TJ Anderson’s theatrical evolution

From ‘Music Man’ to the upcoming ‘Hedwig,’ the actor/singer finds joy in music
September 6, 2023 at 5:00 a.m.
TJ Anderson talks over musical changes with Simeon Billick as they rehearse music for "Hedwig and the Angry Inch" Thursday, Aug. 31 at the Bellingham Theatre Guild. Anderson is the musical director for the play, which opens Sept. 22.
TJ Anderson talks over musical changes with Simeon Billick as they rehearse music for "Hedwig and the Angry Inch" Thursday, Aug. 31 at the Bellingham Theatre Guild. Anderson is the musical director for the play, which opens Sept. 22. (Andy Bronson/Cascadia Daily News)

CDN Contributor

Actor, singer and musical director TJ Anderson’s first theater memory is of playing the character of Winthrop in “The Music Man” in third grade. 

“I definitely messed up some entrances and forgot some lines,” he said, “but I had a blast singing and dancing and I was hooked.” 

From then on, he said, he’s been involved in musical theater in some capacity, from school musicals to Village Theatre Kidstage to productions at Western Washington University, Bellingham Theatre Guild (BTG) and many other venues.

Choirs have also been a fixture in his life, starting with the Seattle Children's Chorus, and now with Bellingham’s Choir of the Salish Sea.

The next role for the Everett native and 2011 Western graduate is as musical director of Bellingham Theatre Guild’s production of  “Hedwig and the Angry Inch,” which opens Sept. 22 and runs through Oct. 8.

“‘Hedwig and the Angry Inch’ is something (his partner) Joe Urdiales and I have been working toward for a long time now,” Anderson said.

photo TJ Anderson and "Hedwig and the Angry Inch" Director Joe Urdiales. (Andy Bronson/Cascadia Daily News)  

The 1998 musical, with music and lyrics by Stephen Trask based on a book by John Cameron Mitchell, is about Hedwig Robinson, a fictional genderqueer East German singer, inspired by a divorced U.S. Army wife who was Mitchell’s babysitter and who worked as a prostitute at her Kansas trailer home.

The plot is complex, but what drives the story is the premise that Hedwig is the victim of a botched sex-change operation, and is searching for stardom and love. The music reflects the 1970s glam-rock style of David Bowie, Iggy Pop and Lou Reed.

“I don't know the details of the meetings where BTG’s play selection committee and the board developed the season, but we are incredibly excited to get to put on this show,” Anderson said.

“Hedwig is an incredibly complex character,” said Anderson, 35, who graduated from Western with a bachelor’s of music in vocal performance. “The show is a meditation on art, love, identity, finding wholeness in oneself and moving forward from trauma and abuse.”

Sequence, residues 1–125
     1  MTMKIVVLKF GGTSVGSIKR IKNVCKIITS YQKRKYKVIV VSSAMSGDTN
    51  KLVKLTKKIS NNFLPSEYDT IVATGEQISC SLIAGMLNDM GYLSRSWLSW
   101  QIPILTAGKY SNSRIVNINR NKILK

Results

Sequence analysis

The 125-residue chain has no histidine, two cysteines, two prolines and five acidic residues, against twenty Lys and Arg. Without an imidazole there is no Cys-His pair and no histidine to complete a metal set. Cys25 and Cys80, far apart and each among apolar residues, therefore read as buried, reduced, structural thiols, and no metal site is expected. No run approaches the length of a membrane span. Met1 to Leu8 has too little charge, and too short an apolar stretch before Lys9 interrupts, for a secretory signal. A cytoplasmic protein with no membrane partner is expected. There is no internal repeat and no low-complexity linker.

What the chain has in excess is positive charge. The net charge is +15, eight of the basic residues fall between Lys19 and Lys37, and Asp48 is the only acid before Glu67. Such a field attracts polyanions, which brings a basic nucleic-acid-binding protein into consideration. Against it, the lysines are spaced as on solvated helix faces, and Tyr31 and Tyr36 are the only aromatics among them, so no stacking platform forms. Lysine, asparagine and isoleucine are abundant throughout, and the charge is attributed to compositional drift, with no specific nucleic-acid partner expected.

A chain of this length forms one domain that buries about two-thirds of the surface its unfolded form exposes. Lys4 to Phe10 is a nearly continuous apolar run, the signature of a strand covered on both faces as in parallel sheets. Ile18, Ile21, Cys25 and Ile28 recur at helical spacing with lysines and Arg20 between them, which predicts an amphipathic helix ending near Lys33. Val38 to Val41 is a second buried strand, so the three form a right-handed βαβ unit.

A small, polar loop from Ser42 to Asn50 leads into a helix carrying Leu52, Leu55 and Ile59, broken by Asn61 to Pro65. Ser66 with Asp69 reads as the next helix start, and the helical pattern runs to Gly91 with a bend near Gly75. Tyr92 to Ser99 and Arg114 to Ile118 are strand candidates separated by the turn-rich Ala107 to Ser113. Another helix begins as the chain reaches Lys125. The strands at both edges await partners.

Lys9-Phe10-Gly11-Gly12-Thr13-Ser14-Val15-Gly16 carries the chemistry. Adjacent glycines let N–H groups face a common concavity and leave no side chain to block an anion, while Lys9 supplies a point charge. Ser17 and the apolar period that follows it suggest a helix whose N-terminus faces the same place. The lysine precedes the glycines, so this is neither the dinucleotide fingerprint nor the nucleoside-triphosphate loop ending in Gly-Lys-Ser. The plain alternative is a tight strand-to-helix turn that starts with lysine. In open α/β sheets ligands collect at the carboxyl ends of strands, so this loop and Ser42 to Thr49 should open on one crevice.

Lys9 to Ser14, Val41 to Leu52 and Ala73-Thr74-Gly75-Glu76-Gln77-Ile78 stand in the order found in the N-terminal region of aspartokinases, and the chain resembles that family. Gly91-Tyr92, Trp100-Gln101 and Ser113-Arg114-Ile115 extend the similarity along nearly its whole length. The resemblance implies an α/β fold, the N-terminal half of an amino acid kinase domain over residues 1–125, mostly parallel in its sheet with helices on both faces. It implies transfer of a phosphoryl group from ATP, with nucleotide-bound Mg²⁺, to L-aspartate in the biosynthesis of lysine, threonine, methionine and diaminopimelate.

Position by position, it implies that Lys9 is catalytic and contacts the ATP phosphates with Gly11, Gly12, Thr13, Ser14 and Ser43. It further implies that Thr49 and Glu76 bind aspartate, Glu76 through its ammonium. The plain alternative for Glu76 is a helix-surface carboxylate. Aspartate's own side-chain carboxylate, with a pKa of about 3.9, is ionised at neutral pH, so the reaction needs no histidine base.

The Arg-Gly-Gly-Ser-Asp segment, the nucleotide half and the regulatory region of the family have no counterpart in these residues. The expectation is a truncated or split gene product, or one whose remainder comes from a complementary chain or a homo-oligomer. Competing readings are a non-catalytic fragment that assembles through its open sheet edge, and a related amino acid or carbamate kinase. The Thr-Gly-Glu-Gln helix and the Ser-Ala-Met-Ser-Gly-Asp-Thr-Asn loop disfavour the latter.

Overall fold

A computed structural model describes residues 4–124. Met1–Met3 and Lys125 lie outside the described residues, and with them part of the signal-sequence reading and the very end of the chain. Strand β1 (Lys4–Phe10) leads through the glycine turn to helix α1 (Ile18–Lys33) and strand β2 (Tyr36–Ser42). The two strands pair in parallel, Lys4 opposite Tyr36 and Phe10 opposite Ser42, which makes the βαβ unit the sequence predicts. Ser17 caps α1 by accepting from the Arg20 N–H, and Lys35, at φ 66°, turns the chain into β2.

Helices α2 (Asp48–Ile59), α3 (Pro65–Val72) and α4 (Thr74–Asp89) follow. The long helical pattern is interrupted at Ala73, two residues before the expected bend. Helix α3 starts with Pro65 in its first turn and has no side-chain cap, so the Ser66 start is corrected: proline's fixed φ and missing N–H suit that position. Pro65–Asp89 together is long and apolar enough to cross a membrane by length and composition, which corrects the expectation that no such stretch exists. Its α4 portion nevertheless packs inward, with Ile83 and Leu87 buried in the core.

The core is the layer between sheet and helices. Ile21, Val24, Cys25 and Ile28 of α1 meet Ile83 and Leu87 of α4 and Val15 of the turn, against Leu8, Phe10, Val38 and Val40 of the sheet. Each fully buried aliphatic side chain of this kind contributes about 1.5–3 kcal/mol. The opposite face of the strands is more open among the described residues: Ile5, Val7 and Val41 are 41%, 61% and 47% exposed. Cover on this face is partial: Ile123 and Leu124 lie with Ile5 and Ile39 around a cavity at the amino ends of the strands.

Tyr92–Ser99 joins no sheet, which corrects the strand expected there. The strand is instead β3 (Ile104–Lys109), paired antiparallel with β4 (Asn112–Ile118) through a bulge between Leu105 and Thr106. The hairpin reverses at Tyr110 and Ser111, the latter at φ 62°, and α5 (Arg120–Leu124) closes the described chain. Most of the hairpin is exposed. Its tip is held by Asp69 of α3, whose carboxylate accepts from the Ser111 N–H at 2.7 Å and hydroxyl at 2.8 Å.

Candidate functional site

Anderson said the cast is “small but mighty” and features some powerhouse voices and accomplished actors who will be performing at a place Anderson considers his second home.

photo Anderson, right, and Simeon Billick rehearse music. (Andy Bronson/Cascadia Daily News)  

“I've had many incredible opportunities there and I'm fortunate to have developed some wonderful friendships,” he said of the Bellingham Theatre Guild. 

When it comes to specific shows he's performed in, Anderson cites “Forever Plaid” as a personal favorite. He said the musical about a high school quartet whose dreams of recording an album ends in a collision with a bus — but sees the Plaids return from the afterlife with one final shot as musical glory — “has its hooks” in his heart. 

“I've been able to be in multiple productions of that show,” he said, “playing a different character each time, and every time I find something new to love. It's such a warm blanket of a show that just makes me happy.”

Anderson also performs with the Choir of the Salish Sea, a high-level tenor and bass choir formed in 2019 and led by Kevin Allen-Schmid that is focused on environmental and community social awareness.

“Singing with the Choir of the Salish Sea over the last few years has been an incredible joy,” Anderson said.  “It's a great group of people, we sing wonderful music, and the feeling of making music with a group of people all working together is like none other.” 

In November, Anderson will be music-directing Western Washington University’s production of “Ride the Cyclone,” a comedic musical that sounds a lot like “Forever Plaid.” It’s about a teen chamber choir who all die in a roller-coaster accident and are offered a chance to return to life. 

Next spring, Anderson will be music director for “Pippin” at Bellingham Theatre Guild. The play will be directed by Mish Kriz. 

In his spare time, Anderson is a cat dad, an origami enthusiast and an amateur baker. 

“All in all,” Anderson said, “I'm excited for what the coming year has in store. While I love music directing, I plan to audition for more shows in the next couple years, getting back onstage and performing more.” 

For more information on Bellingham Theatre Guild’s 2023–24 season, go to

Have a news tip? Email or Call/Text 360-922-3092



Register for email newsletters

* indicates required

Latest Stories

Rangers wrap up playoff berth, help eliminate Mariners with 6-1 victory
Seattle falls short a year after ending 21-year playoff drought

Affordable housing among candidates' top concerns
Complex problem requires multiple solutions

New multimedia dance work exploring water features photography and poetry
‘Tidal’ explores water, relationships in intergenerational dance piece by Kuntz and Company

Lynden's passing attack overpowers Sehome
Heppner's 4 TD passes leads Lions to 44-24 win over Mariners

J.P. Crawford's grand slam leads Mariners to 8-0 win over Rangers
Seattle remains 1 game behind Houston in wild-card standings